(Name, Telephone, E-mail and/or Facsimile number and Address of Company Contact Person)
Securities registered or to be registered pursuant to Section 12(b) of the Act.
Title of each class
Name of each exchange on which registered
Subordinate Voting Shares without par value
Subordinate Voting Shares without par value
Securities registered or to be registered pursuant to Section 12(g) of the Act.
(Title of Class)
Securities for which there is a reporting obligation pursuant to Section 15(d) of the Act.
(Title of Class)
As of August 31, 2019, the registrant had 23,703,675 Subordinate Voting Shares outstanding and 31,643,000 Multiple Voting Shares outstanding.
Indicate by check mark if the registrant is a well-known seasoned issuer, as defined in Rule 405 of the Securities Act.
Yes □ No ⌧
If this report is an annual report or transition report, indicate by check mark if the registrant is not required to file reports pursuant to Section 13 or 15 (d) of the Securities Exchange Act of 1934.
Yes □ No ⌧
Indicate by check mark whether the registrant (1) has filed all reports required to be filed by Section 13 or 15(d) of the Securities Exchange Act of 1934 during the preceding 12 months (or for such shorter period that the registrant was required to file such reports), and (2) has been subject to such filing requirements for the past 90 days.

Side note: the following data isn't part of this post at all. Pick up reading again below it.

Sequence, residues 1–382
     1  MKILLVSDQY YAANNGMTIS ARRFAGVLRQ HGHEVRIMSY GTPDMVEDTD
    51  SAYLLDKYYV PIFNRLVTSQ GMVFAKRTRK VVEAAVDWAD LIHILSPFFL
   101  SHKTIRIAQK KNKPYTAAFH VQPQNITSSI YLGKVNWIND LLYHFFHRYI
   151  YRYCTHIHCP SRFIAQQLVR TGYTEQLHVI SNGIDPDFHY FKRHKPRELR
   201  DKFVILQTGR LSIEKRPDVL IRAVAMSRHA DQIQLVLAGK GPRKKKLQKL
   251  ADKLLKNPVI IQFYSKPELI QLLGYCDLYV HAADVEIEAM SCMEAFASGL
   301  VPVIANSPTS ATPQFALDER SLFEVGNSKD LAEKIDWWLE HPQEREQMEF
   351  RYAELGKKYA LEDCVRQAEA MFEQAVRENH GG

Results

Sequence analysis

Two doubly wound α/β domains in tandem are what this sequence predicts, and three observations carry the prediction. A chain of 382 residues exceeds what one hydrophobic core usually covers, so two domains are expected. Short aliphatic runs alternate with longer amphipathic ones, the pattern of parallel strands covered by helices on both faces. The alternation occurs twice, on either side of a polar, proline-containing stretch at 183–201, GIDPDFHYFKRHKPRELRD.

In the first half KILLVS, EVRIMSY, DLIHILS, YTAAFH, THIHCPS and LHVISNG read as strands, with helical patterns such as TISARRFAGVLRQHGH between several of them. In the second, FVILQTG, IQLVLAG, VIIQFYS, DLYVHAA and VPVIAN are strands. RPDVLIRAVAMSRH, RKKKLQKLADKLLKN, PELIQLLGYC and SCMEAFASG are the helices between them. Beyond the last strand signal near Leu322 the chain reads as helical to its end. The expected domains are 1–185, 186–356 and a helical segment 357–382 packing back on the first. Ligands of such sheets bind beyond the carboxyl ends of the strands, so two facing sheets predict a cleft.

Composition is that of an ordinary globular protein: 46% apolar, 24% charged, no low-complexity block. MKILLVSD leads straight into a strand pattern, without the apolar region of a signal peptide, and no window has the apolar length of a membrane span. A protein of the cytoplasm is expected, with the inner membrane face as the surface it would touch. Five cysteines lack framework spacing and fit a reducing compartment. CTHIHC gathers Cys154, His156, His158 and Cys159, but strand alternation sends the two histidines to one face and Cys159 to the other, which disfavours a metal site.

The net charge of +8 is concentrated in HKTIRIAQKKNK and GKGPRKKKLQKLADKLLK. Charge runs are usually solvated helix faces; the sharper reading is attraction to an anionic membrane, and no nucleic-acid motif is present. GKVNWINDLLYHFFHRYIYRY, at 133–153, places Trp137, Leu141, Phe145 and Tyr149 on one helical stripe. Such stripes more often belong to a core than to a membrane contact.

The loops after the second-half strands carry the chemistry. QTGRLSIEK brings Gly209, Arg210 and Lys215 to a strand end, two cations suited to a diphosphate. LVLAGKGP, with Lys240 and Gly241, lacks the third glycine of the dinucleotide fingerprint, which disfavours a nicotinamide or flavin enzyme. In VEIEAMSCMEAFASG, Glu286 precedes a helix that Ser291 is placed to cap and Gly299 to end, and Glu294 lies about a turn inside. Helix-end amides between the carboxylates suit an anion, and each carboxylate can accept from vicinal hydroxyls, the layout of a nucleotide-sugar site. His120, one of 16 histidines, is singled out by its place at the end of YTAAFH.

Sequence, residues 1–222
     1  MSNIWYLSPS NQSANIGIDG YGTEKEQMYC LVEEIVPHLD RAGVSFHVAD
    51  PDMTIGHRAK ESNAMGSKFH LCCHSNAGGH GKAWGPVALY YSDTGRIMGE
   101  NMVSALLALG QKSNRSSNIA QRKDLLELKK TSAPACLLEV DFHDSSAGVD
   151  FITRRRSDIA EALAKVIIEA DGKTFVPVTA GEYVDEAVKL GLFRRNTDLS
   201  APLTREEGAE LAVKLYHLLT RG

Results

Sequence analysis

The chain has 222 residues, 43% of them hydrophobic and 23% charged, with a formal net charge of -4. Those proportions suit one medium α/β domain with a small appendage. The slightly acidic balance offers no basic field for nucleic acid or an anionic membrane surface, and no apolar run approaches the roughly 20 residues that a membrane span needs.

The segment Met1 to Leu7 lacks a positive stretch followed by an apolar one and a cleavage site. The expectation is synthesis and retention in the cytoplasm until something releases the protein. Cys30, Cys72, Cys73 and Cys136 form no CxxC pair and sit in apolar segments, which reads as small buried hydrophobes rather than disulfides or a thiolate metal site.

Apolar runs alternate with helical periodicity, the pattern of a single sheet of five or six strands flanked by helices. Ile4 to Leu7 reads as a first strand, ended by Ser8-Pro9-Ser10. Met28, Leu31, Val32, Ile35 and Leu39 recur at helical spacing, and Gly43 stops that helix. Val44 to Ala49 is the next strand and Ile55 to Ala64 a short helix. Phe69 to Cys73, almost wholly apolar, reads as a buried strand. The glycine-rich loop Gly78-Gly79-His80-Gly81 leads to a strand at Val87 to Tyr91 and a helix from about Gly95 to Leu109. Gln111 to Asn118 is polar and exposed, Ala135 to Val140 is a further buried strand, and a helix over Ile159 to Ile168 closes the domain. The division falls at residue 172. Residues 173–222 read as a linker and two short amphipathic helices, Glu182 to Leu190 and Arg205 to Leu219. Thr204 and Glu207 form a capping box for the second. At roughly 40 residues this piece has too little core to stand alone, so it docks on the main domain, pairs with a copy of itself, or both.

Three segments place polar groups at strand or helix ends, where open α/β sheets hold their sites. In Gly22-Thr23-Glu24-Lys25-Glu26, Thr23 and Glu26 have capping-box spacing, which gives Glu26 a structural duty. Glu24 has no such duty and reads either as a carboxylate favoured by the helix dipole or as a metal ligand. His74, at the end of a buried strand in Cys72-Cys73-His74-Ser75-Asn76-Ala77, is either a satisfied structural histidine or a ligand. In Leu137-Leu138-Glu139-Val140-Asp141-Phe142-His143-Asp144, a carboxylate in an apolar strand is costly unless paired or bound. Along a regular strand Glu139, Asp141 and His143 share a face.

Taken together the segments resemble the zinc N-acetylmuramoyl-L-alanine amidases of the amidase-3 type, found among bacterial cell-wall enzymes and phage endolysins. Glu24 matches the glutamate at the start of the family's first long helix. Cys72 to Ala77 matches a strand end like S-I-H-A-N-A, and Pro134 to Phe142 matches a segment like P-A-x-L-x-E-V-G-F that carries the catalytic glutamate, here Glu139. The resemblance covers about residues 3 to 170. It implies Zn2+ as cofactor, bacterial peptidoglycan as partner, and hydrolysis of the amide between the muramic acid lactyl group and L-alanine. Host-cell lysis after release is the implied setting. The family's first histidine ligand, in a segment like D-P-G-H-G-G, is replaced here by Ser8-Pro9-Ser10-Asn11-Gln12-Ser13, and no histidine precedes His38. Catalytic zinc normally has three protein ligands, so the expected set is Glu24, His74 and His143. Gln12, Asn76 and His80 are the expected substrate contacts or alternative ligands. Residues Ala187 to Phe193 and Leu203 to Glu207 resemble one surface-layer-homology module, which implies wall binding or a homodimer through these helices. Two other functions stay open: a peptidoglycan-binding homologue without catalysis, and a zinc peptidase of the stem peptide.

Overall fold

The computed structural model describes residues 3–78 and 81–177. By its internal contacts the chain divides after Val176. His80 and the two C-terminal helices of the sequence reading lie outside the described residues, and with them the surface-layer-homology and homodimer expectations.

Yes ⌧ No □
Indicate by check mark whether the registrant has submitted electronically every Interactive Data File required to be submitted and posted pursuant to Rule 405 of Regulation S-T (§232.405 of this chapter) during the preceding 12 months (or for such shorter period that the registrant was required to submit and post such files).
Yes ⌧ No □
Indicate by check mark whether the registrant is a large accelerated filer, an accelerated filer, a non-accelerated filer, or an emerging growth company. See definition of “large accelerated filer”, “accelerated filer” and “emerging growth company” in Rule 12b-2 of the Exchange Act.
Large accelerated filer □
Accelerated filer ⌧
Non-accelerated filer □
Emerging growth company □
Indicate by check mark which basis of accounting the registrant has used to prepare the financial statements included in this filing:
U.S. GAAP □
International Financial Reporting Standards as issued by the ⌧
International Accounting Standards Board
If this is an annual report, indicate by check mark whether the registrant is a shell company (as defined in Rule 12b‑2 of the Exchange Act).